Penguins Report: 2010 Trade Deadline Practice
Wednesday, 03.3.2010 / 10:52 AM ET / Penguins Report
By Caitlin Kasunich
After spending two weeks in Vancouver at the Olympic Village as a backup goaltender for Team Canada, Marc-Andre Fleury was all laughs and smiles after his first practice with the team since before the break. Fleury said he is proud that his country was able to capture the gold medal in the Winter Games.
“It was a great experience,” Fleury said. “I had the chance to be with (Roberto) Luongo and (Martin) Brodeur a lot. It was neat to watch them and see them on and off the ice. The whole experience was really amazing. I learned how they carried themselves. They were pretty relaxed and confident and easy going and worked hard during practice.”
Although Fleury did not get a chance to play in any of the games in Vancouver, he did get to dress as a backup for one of Luongo’s games and watched the game from up-close. This experience allowed the 25-year-old goaltender to reminisce about the Penguins’ road to the Stanley Cup last year.
“It just reminds me how great it is to win and how fun it is to win,” he said. “I think it’s important that we keep it simple just like we did last year.”
Bylsma also noted how Fleury needed to get back into the groove of playing once he returned to Pittsburgh since Brodeur and Luongo did most of the practicing for Team Canada during the tournament.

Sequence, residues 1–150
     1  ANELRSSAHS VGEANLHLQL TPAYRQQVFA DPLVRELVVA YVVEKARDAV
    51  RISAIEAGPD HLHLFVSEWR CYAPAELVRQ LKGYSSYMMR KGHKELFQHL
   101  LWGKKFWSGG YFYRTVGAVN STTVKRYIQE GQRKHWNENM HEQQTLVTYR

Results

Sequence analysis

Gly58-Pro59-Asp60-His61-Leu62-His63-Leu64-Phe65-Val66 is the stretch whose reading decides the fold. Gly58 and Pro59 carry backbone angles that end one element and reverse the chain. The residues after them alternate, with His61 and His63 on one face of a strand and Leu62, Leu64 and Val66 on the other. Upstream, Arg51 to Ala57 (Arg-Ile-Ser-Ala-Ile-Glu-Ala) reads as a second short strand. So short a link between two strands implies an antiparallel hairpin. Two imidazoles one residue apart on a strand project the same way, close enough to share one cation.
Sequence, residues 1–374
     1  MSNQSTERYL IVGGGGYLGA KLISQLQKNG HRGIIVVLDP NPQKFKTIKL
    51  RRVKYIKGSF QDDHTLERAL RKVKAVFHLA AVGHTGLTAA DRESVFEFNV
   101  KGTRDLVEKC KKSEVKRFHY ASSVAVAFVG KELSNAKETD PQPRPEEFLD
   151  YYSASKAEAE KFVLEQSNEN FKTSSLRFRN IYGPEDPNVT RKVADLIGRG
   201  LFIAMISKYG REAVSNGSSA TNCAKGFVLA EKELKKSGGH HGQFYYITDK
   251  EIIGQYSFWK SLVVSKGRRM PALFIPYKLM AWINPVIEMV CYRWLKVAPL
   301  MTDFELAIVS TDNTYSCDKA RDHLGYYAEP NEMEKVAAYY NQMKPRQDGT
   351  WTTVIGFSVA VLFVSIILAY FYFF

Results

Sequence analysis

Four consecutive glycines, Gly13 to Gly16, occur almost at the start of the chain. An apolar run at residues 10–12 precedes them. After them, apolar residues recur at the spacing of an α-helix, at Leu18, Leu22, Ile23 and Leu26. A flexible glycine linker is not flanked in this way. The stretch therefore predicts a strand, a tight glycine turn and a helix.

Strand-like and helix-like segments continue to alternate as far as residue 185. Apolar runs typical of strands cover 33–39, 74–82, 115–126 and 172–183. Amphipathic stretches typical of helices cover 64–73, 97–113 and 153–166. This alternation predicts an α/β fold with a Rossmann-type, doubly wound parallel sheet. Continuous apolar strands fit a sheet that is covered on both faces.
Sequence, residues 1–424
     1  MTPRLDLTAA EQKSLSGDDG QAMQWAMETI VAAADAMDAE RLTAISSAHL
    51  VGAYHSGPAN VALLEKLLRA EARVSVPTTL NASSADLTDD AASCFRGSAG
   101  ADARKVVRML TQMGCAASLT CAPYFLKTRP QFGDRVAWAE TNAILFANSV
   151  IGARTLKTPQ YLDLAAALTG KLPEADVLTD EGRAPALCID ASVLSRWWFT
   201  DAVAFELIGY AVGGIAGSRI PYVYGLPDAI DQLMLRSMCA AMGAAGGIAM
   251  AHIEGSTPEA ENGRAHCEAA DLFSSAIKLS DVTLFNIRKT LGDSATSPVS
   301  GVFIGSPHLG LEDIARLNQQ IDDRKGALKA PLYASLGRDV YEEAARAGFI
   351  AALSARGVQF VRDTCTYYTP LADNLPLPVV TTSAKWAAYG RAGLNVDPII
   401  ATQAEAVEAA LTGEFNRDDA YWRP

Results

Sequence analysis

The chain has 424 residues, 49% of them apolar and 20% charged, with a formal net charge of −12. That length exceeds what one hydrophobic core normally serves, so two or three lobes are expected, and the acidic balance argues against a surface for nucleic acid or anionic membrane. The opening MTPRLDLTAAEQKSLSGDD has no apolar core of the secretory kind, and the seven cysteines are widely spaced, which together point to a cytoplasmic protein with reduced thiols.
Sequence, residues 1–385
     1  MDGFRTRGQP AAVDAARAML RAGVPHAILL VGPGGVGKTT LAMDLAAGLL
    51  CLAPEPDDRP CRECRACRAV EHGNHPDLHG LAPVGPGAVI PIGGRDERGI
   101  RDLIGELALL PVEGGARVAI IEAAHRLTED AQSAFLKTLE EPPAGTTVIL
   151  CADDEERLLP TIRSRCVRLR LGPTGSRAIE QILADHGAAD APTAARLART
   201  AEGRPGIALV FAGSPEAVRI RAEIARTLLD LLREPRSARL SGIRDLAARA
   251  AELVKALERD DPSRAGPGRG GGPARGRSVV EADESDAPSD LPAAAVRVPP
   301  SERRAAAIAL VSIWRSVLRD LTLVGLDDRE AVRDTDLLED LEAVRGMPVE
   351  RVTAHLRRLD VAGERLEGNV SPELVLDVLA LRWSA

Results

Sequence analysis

“His workload wasn’t significant, and we knew that he was going to have to get back in the net and get some shots before he played,” he said. “He was able to do that a little bit yesterday and obviously today and tomorrow before tomorrow’s game.”
After resting from the Olympics and practicing with the team, Fleury said that he is more than ready to play in the game tomorrow night against the New York Rangers at Madison Square Garden.
“It feels like it’s been forever since I played, so I’m just looking forward to being back,” he said.
Good news travels fast in the Pittsburgh Penguins locker room as word of the team’s recent acquisition of left winger Alexei Ponikarovsky from the Toronto Maple Leafs had players discussing the talents the 29-year-old Ukrainian native will bring to Pittsburgh.
The Penguins acquired Ponikarovsky on Tuesday in exchange for forward Luca Caputi and defenseman Martin Skoula.
Ruslan Fedotenko, who grew up in the same city as Ponikarovsky and played on the same line as him in one game during the 2002 Winter Olympics in Salt Lake City, noted how the 6-foot-4, 229-pound winger’s physical strength will help the team to prepare for the upcoming playoff season.
“You try to hit him, and you try to out-muscle him, and it’s pretty tough to go against him,” Fedotenko said. “I obviously follow his NHL career, and he’s been doing really well in Toronto. He’s a big kid – really tall, strong on his skates and drives to the net hard. He can score goals and has good hands, so I think he’s a good addition. I feel like he will open up a little bit more ice in front of the net. I think it will be good. He seems pretty nice and calm.”